BP also is experimenting with a mobile payment
app to make stopping for gas quicker
and easier. The app allows users to select a
fuel station to stop at, which fuel they want
and how much of it they need. The app tells
users when a pump is ready for them, set to
their specifications, so all a user has to do is
put the hose in the fuel tank. After the car is
refueled, payment is made with a credit or
debit card users have entered into the app.
Shell also is considering a mobile payment
app, as well as lockers at gas stations where
customers could pick up items they ordered
online. It is also looking to experiment with
restaurants, but currently just offers convenience
food like Costa Coffee in the U.K.
and bubble tea in Asia. Others are pursuing
similar models and looking at even bigger
changes in the long term.
In Hungary, oil company MOL Group is considering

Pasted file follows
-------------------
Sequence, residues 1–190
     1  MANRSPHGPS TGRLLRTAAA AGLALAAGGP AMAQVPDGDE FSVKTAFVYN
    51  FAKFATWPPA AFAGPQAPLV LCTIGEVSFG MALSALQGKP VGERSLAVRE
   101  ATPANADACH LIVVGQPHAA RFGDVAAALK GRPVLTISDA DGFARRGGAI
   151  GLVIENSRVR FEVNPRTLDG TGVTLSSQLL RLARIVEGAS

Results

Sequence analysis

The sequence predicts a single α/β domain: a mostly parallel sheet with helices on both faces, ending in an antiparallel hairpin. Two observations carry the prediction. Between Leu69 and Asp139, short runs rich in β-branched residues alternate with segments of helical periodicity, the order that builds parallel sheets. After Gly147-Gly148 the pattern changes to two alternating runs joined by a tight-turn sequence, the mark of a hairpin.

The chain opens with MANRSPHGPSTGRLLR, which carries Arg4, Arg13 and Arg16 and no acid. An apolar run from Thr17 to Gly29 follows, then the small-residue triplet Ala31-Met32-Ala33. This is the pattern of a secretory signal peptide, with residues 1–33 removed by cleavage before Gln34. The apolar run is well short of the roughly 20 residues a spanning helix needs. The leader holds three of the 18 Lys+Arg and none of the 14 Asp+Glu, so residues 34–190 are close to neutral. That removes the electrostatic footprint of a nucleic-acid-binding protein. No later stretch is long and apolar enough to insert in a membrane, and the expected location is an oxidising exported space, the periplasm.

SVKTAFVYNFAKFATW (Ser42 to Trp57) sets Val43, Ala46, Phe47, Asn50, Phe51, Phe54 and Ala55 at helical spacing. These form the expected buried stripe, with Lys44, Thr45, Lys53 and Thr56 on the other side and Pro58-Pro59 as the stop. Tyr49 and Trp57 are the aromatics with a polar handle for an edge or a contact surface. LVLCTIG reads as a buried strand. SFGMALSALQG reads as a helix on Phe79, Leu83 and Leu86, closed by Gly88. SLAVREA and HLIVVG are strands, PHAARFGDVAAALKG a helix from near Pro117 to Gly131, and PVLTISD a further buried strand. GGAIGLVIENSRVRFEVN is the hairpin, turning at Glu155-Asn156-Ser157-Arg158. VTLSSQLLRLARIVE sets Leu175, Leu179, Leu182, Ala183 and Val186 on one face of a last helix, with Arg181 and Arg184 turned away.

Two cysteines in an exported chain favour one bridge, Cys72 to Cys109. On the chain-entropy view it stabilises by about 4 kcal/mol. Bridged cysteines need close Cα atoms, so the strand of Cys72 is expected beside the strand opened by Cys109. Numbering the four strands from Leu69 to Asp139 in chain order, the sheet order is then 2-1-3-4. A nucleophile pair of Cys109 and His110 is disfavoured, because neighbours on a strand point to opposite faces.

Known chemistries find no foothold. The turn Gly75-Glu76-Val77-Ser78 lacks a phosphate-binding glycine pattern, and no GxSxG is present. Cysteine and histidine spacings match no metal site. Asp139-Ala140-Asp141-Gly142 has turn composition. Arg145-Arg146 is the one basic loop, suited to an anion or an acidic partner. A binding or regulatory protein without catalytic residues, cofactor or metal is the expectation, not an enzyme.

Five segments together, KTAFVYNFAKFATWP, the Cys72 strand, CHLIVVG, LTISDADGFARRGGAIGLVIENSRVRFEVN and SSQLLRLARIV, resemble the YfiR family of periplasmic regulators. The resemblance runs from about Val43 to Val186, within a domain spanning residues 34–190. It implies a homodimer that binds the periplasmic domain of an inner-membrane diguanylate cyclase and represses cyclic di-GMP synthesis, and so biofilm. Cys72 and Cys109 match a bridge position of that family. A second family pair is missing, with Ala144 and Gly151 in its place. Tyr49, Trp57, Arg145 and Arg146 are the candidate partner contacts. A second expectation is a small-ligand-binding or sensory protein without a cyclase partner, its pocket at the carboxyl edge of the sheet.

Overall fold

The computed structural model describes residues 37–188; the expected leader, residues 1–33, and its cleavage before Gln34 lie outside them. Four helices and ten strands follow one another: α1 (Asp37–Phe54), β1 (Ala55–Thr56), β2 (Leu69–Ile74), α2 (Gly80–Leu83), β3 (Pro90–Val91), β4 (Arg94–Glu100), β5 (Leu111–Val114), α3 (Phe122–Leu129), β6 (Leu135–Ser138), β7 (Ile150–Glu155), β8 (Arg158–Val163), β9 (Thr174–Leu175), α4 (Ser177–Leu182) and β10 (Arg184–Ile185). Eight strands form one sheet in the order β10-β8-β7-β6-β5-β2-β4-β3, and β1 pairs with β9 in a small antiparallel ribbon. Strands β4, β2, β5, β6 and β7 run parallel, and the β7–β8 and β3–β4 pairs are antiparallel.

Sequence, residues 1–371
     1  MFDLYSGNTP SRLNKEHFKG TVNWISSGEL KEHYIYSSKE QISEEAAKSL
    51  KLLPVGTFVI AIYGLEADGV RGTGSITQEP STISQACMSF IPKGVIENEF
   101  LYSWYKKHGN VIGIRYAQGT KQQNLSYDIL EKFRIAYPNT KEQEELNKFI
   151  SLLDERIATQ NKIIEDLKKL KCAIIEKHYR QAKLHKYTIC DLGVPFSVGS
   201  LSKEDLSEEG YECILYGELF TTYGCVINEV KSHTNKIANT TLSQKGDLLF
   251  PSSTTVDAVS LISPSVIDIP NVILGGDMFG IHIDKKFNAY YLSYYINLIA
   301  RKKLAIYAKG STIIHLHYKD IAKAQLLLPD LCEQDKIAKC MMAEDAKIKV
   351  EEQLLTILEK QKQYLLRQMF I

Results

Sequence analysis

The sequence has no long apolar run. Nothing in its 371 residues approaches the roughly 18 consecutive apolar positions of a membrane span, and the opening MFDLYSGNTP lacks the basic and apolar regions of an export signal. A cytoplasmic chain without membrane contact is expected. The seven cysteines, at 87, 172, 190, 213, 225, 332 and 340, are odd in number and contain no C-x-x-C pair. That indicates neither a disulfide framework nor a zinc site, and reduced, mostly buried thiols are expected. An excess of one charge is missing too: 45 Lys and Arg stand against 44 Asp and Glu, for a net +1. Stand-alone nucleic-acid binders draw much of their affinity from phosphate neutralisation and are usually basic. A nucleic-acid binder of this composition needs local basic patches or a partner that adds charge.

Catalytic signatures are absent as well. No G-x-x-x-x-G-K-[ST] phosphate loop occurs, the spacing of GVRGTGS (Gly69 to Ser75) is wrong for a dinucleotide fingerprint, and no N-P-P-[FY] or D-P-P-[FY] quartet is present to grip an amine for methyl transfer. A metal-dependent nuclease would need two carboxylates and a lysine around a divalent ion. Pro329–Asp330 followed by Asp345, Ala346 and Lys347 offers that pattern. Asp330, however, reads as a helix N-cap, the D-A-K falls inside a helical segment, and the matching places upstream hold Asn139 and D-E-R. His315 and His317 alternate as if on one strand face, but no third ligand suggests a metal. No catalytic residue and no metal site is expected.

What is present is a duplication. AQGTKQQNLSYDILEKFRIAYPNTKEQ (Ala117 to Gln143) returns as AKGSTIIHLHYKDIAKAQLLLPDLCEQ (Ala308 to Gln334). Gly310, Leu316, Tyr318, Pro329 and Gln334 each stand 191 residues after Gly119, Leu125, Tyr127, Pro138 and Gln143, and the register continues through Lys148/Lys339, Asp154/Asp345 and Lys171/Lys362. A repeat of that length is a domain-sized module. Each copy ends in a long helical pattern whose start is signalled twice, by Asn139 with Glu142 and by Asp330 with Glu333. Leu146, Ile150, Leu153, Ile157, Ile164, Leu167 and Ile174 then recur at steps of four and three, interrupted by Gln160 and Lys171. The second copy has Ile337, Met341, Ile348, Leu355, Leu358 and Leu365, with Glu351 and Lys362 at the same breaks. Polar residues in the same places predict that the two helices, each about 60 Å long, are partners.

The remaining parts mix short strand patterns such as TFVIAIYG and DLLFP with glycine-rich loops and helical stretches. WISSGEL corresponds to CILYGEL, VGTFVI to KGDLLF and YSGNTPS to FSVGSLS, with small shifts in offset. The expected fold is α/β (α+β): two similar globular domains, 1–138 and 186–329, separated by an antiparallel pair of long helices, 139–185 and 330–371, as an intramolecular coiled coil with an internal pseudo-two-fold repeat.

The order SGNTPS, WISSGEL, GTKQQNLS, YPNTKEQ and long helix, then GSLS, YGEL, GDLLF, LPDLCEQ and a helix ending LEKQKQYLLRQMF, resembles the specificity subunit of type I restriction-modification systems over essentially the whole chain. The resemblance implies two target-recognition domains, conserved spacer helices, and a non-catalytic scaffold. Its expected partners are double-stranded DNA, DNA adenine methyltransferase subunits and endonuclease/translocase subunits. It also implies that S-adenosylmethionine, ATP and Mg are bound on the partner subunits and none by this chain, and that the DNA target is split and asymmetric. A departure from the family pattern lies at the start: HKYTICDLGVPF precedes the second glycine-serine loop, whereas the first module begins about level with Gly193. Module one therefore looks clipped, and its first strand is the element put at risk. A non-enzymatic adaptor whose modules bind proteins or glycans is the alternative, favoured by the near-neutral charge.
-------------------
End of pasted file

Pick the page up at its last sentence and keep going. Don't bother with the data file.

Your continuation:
ways to integrate its retail offering
with the development of autonomous cars
and the expansion of ride sharing. MOL’s
retail chief, Peter Ratatics, envisions the
company one day running a fleet of vehicles
and providing services around that. In
10 or 15 years’ time, customers could even
decide while they’re at work what they want
for dinner and have a MOL car pick them
up with the groceries already loaded in the
back, he explains.
This spring, Shell will start testing a fuel-delivery
service in the Netherlands. Using an
application designed in-house, customers
can request that Shell come and refill their
cars while they shop, eat or sleep. The company
is even considering adding coffee delivery
to the service.
Pilots for the initiative showed it wasn’t without
some teething problems, not least overly
helpful passersby shutting fuel doors that
the consumers had left open for Shell to fill
the tank before Shell had actually arrived.
But if these kinks can be worked out, the
company will look at options to provide the
service on a wider scale. “We try to disrupt
ourselves,” explains Shell’s head of retail,
Istvan Kapitany. “Whatever is good for the
consumers should be good for us.”
Nick Needs commenting on an article in the
Wall Street Journal by Sarah Kent.